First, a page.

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Preparing for GAMSAT Physics

How to Prepare for GAMSAT Physics

by , 12 March, 2019
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If you stop reading now, the one thing you need to take away from this is that practicing GAMSAT style questions is the best possible preparation for the GAMSAT, and the number one thing you should be spending your time on. In other words:

Practice, practice, practice

Now, you may be wondering how important GAMSAT physics is in the grand scheme of things. 


Why bother with physics at all?

GradReady Enrolments for September 2020 GAMSAT Courses Now Open - Early Bird SaleThe physics questions in Section 3 are notoriously challenging for candidates. Most people sitting the GAMSAT have done minimal physics, find it difficult to study and ultimately ignore most of the questions in the exam. However, the physics questions are one of the best places to improve your scores.

The GAMSAT is marked so that questions which are highly predictive of high scores (i.e. those that high performing students get right, and low performing students get wrong) are weighted more heavily. Since students who do well in physics often also do well in chemistry and biology, physics questions tend to be these questions, and so are worth more than other questions.

Graduates of physical sciences courses (physics, maths), as opposed to biomedical or social sciences are the highest performing students both overall and especially in section III, so nailing these questions is key to a high score. (


How do I study GAMSAT physics?

Now that you know just how important physics is, the question is how to study it. The breadth of topics in physics is huge, and if you aren’t familiar with them it can be completely overwhelming. But there’s a relatively simple way to approach it – just practice questions. Rather than getting lost in the range of topics, just practice questions, and use that as the basis of study.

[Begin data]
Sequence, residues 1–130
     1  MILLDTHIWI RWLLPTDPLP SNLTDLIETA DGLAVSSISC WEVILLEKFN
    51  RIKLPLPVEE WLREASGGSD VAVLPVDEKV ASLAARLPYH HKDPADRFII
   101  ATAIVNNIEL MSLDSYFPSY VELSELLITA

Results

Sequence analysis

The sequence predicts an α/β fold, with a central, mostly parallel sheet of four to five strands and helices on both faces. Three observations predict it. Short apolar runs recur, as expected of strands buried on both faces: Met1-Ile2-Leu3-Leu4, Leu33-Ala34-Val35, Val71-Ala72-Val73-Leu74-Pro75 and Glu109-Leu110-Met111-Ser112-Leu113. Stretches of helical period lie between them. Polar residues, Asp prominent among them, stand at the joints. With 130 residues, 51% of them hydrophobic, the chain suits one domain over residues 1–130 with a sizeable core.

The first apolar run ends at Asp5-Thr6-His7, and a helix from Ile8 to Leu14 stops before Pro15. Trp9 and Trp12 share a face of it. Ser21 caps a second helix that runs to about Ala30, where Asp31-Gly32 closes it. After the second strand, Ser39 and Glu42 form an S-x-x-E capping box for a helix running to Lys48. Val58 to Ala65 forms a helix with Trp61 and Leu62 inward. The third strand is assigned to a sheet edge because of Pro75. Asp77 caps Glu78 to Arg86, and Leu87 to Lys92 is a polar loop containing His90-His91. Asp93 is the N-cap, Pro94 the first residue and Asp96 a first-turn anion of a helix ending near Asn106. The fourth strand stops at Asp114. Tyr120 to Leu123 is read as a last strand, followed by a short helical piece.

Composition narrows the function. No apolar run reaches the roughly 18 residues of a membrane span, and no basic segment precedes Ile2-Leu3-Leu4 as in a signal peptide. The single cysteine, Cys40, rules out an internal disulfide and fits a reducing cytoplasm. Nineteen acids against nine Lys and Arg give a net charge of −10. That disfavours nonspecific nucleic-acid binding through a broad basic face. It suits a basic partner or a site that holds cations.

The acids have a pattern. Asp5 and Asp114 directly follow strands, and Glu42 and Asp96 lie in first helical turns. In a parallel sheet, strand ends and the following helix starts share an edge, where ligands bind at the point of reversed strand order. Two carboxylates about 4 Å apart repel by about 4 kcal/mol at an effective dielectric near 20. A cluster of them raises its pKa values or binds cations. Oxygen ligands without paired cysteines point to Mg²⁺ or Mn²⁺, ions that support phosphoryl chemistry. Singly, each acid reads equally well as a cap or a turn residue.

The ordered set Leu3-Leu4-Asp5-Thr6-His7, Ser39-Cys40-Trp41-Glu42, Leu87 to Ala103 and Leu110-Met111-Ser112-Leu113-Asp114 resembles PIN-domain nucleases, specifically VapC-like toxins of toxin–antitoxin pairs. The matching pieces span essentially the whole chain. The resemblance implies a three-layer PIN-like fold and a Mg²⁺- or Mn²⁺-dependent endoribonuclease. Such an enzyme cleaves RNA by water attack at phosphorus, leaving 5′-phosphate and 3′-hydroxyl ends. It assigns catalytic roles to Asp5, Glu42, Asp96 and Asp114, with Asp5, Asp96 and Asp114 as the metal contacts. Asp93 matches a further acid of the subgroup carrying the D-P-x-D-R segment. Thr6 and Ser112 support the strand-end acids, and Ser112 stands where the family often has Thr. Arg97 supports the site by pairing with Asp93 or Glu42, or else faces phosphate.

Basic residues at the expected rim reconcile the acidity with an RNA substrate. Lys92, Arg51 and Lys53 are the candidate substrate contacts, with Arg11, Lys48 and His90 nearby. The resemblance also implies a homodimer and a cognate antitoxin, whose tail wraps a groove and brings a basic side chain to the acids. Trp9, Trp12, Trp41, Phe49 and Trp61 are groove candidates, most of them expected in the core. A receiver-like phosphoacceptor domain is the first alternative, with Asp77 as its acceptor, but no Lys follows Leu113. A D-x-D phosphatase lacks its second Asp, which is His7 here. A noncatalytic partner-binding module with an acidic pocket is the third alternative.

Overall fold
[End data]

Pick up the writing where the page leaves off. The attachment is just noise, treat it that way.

• For each question you attempt, read the stem thoroughly (the information required is almost always there), then attempt the question, taking all the time that you need. Then, if you can’t find the answer, use that as a prompt to study that topic.
  • Try to keep your study reasonably narrow. If, for example, you are stumped by an electrical circuits question focusing on parallel circuits, keep your study to parallel circuits. This prevents you from taking too much time in your study and not spending enough on doing questions and breaks it down into manageable pieces.
  • If you do enough questions all the different topics will be covered, so you won’t need to worry about missing out on anything, and as a bonus, you’ll be more familiar with the types of questions on the GAMSAT and how to approach them. It also prevents you from wasting your valuable time on topics which rarely or never appear, which you might do if you try to study everything at once.
  • After you start getting more confident with the physics questions, lower the time you give yourself to answer them. On the GAMSAT you only have around 1.5 minutes per question, so you need to be able to answer them quickly. You also need to have a sense for if a question is taking you a particularly long time to solve, and when to move on.